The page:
What a boss thinks about a cover letter
1. We get that you’re self-assured and self-actualized. We see that you’re smart and dedicated. We know you want To Make a Difference. Wonderful! But we are not the college admissions office or the scholarship committee. We are a professional organization. We expect a different type of letter.
2. Most letters we get are variations of “Please hire me; I need a job.” Oh, the letters are not that blunt. They’re usually couched in flowery language and multi-syllabic superlatives extolling your virtuous upbringing and commitment to truth, justice and the American way. But the underlying “hire me” theme won’t distinguish your letter from the 100 others on our application stack.
3. Your letter should be about us, not you. Show us that you know details about us and our needs. And by “know,” we don’t mean “shamelessly flatter.” Give specifics that show you know changes we’re making or need to make. Do your research. Prove that you are a journalist by researching us and our current needs.
4. Proclaiming how much you want this job or how dedicated you would be means nothing. We know you want the job. We don’t care that you really, really want it. We care only whether you can contribute to our organization. Do you have the skills we need?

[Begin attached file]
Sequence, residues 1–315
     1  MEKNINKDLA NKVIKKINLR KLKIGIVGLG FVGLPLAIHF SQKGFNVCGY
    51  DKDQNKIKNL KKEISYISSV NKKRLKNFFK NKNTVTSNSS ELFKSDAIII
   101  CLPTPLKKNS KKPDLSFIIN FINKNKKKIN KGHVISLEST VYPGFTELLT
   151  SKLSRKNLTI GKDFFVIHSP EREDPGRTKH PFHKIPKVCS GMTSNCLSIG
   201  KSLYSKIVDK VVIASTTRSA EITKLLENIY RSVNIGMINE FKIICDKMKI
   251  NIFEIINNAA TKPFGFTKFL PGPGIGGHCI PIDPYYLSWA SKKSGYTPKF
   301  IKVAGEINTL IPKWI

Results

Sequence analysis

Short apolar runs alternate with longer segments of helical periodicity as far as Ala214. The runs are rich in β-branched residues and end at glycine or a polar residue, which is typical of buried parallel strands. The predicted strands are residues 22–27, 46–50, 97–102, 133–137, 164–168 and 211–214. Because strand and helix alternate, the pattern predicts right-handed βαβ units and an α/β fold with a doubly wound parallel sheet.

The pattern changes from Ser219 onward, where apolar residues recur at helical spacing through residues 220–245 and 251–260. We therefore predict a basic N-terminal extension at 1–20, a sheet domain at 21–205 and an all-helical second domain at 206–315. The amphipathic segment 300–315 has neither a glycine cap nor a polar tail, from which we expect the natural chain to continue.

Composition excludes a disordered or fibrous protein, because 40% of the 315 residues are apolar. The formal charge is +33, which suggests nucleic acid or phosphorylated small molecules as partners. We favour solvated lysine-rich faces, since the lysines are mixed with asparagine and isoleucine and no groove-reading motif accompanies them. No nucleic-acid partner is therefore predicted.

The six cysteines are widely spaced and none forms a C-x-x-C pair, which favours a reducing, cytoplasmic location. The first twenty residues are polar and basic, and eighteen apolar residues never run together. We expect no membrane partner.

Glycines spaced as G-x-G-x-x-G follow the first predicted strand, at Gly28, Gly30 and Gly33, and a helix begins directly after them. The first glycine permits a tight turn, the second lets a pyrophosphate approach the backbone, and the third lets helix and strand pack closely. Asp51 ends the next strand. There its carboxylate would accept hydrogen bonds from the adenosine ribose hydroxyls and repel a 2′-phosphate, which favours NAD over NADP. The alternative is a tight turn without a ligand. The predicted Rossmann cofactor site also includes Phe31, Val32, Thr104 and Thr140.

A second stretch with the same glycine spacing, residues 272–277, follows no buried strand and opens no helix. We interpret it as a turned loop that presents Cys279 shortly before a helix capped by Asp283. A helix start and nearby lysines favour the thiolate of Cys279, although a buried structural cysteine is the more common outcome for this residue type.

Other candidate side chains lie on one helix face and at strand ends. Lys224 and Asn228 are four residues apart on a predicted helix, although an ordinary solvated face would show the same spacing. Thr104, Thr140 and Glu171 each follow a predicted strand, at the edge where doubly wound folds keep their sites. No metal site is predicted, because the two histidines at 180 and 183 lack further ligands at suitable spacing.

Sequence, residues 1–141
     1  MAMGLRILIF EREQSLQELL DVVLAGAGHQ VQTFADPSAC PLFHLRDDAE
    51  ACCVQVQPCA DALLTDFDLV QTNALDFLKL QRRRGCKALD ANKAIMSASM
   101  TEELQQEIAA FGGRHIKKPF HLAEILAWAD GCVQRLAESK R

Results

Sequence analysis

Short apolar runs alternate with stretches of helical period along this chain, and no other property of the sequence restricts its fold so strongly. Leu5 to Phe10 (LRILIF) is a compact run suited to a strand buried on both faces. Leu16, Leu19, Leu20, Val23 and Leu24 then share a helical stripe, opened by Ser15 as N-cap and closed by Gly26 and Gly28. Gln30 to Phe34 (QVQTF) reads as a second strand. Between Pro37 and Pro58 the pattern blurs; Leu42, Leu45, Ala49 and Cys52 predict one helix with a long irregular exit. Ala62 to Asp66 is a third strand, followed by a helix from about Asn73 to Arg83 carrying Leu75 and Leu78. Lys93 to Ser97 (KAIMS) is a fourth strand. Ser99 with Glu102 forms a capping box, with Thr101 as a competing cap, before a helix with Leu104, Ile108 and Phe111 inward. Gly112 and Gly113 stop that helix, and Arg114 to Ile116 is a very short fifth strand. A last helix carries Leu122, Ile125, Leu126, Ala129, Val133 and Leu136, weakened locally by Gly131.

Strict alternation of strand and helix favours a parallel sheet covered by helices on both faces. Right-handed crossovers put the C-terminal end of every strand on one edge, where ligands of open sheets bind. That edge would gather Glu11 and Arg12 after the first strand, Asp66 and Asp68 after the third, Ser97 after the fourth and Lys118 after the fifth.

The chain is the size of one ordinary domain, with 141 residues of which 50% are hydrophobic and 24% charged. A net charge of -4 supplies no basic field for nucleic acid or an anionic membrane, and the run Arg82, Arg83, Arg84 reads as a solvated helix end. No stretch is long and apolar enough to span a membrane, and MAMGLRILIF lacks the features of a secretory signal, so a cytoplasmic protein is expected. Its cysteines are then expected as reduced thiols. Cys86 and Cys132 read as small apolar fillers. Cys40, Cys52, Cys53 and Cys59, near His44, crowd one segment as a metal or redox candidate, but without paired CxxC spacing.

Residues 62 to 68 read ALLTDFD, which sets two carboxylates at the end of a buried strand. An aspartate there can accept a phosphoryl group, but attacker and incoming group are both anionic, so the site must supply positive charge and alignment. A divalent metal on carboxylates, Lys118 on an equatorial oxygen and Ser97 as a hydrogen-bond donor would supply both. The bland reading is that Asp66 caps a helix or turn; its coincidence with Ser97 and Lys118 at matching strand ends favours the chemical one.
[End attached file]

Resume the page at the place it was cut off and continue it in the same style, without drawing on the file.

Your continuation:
5. In determining whether you can contribute to our organization, we look for evidence, not assertions. Don’t tell us that you know HTML. Show us that you have used HTML to build or improve a website. Don’t tell us that you want to make the world a better place. Describe how you wrote an investigative story that led to an improvement. Don’t tell us that you’re a great proofreader. Show us by taking a copy of our publication and edit a few selections to improve the writing or create better headlines.
6. In summary, if you want your cover letter to stand out in the crowd, it should do two things: